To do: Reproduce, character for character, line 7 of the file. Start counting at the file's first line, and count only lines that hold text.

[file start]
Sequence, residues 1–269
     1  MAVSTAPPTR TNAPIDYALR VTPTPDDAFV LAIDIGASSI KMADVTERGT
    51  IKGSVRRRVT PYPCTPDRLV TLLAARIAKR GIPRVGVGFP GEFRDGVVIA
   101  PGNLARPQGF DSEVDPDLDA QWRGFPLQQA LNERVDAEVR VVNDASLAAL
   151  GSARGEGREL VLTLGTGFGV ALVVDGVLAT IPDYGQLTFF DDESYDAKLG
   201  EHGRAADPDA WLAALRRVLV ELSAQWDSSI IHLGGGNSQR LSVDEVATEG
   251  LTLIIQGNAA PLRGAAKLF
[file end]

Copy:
   251  LTLIIQGNAA PLRGAAKLF